The Age Exam Advice

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exam advice from the Age

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Watch for changes when taking care of business

Robert Lee October 04, 2010The Age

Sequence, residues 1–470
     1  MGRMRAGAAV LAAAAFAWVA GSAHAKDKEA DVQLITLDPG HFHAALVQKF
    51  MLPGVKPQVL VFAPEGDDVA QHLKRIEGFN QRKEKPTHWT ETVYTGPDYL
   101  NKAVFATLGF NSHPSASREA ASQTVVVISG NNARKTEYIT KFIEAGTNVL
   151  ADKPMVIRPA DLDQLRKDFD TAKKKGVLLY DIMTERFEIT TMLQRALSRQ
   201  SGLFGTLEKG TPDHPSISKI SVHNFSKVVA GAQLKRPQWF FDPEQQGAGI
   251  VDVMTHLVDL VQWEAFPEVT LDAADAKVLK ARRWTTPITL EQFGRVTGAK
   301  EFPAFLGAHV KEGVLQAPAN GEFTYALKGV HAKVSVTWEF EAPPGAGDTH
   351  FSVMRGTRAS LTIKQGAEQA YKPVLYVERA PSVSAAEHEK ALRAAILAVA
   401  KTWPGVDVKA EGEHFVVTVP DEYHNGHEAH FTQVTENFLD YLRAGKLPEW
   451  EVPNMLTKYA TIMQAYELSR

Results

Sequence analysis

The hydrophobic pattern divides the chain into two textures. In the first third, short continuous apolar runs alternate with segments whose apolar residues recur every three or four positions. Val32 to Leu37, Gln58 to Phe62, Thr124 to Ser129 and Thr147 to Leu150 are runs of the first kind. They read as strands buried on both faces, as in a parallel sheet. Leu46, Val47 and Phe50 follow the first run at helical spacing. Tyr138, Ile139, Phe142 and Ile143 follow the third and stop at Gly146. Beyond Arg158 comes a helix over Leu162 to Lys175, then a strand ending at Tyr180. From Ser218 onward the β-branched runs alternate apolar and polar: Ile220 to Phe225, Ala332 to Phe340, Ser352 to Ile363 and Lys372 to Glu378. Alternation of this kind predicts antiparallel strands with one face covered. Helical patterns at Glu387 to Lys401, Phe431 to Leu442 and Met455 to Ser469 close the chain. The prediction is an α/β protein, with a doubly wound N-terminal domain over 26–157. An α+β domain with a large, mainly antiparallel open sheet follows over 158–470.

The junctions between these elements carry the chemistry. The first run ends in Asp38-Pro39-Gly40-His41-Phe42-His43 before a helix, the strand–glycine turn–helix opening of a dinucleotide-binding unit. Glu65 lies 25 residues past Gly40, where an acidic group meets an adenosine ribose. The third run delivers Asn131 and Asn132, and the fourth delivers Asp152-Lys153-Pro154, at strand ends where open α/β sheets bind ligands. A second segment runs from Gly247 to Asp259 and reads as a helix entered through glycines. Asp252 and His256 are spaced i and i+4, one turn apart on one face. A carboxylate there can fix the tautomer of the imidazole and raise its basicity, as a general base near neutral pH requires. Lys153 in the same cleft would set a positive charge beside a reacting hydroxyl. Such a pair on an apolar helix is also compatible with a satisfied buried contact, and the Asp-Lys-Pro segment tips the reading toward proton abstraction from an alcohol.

BUSINESS MANAGEMENTRobert Lee says students will need to be adaptable if they wish to do well. In 2010 students will face an exam with subtle but important differences from the Business Management exams of the past. Exam assessment reportA recurring theme in the Exam Assessment Report is the need for students to adapt their answers to suit the stimulus material in the case studies provided. Many students rote-learn answers.However, this often results in theory not being applied in a relevant manner. Typical types of questions where this problem occurs include: Motivation ( Maslow..,)and Change Management ( Kotter..,) theory questions where students list the steps of the theory but do not link them to the case study. Management skills and management roles (POLC) type questions where students explain the skills and roles in detail but do not explain their use to the manager in the case study. Human Resource Management strategy questions ( Doing things..,) where a student recommends a strategy that is inappropriate to the situation in the case study. An example of this was Question 2b in the 2008 exam when many students recommended hiring new staff despite the company in the case study needing to downsize. Where links need to be made between one area of the course and another. An example is Question 1f from the 2009 exam:"Describe three management skills that a participative manager could use. Discuss how the new plant manager at Johnson Automotive could apply each of these skills to the current situation."Here management skills need to be applied to management styles. Students need to name and define each skill but then relate it to the situation the plant manager is experiencing. An example of a good response for one skill would be:"Communication is the transfer of information from one party to another. The plant manager will need clear and effective communication so workers understand the reasons for changes that occur and also how their daily work tasks may alter. Communication also involves listening. The 'participative' plant manager should listen to workers who may have ideas about how productivity at the plant could be improved."Important changes for 2010Students must be mindful as they revise previous exams that there are a number of important changes to the 2010 course and some of the information they may read from previous years could be unsuitable for the 2010 exam. Major changes this year include: The exam now being worth 65 marks. Students are advised to allocate their time carefully. A suggestion is to check after one hour (that will be 4.15pm) that at least 35 marks worth of questions have been answered. The inclusion of a 10 mark question. This question will cover key knowledge and key skills dot points from Unit 4, Area of study 2, The management of change. 2010 was on driving \ restraining forces. The specification of a change management theory; The Kotter Theory. In past exams any recognised change management theory was acceptable. In 2010 the Kotter theory must be used. Previous Exam Assessment Reports and model answers still refer to other theories such as the Lewin Model. These should be ignored. The specification of motivation theories: Maslow, Hertzberg and Locke. Again, only these should be discussed in the 2010 exam. "Induction" is now a part of the maintenance stage of the employment cycle Naming of key terms in the study design that must be revised thoroughly. This includes specific performance indicators, management styles, driving and restraining forces.Students are advised to review the sample exam questions that have been published on the VCAA website which show the type of questions that may be asked about the new content of the study.Exam essentials checklistThis list outlines important areas for students to focus on. It is not comprehensive but offers an excellent guide to the main areas that will be examined.Can you: Outline features, advantages and disadvantages of each management style List, define and apply up to six management skills Name, define and apply each management role (POLC) List and describe five human resource strategies List and describe the four operations management strategies Name and provide examples of each element of an operations system Name and apply a range of performance indicators Discuss change management using a significant change issue and apply it to an organisation you have studied. Describe, compare and contrast each of the motivation theories Apply each motivation theory to case studies Outline each stage of the Kotter Change Management theory and apply it to various case studies. Describe each level of planning. Compare and contrast a decentralised system of employee relations with a centralised system. Explain advantages of both. Outline examples of ethical and socially responsible behaviour of an organisation you have studiedHow can parents help?Business Management is a subject that every parent can offer some assistance with. Engage your child in discussion about topics they are studying. It can provoke interest in the subject and enhance their understanding of key concepts. Your own business experiences may also be useful in the exam as students often need to provide examples. Quiz your child on the exam essentials shown above.Robert Lee is an experienced VCE assessor.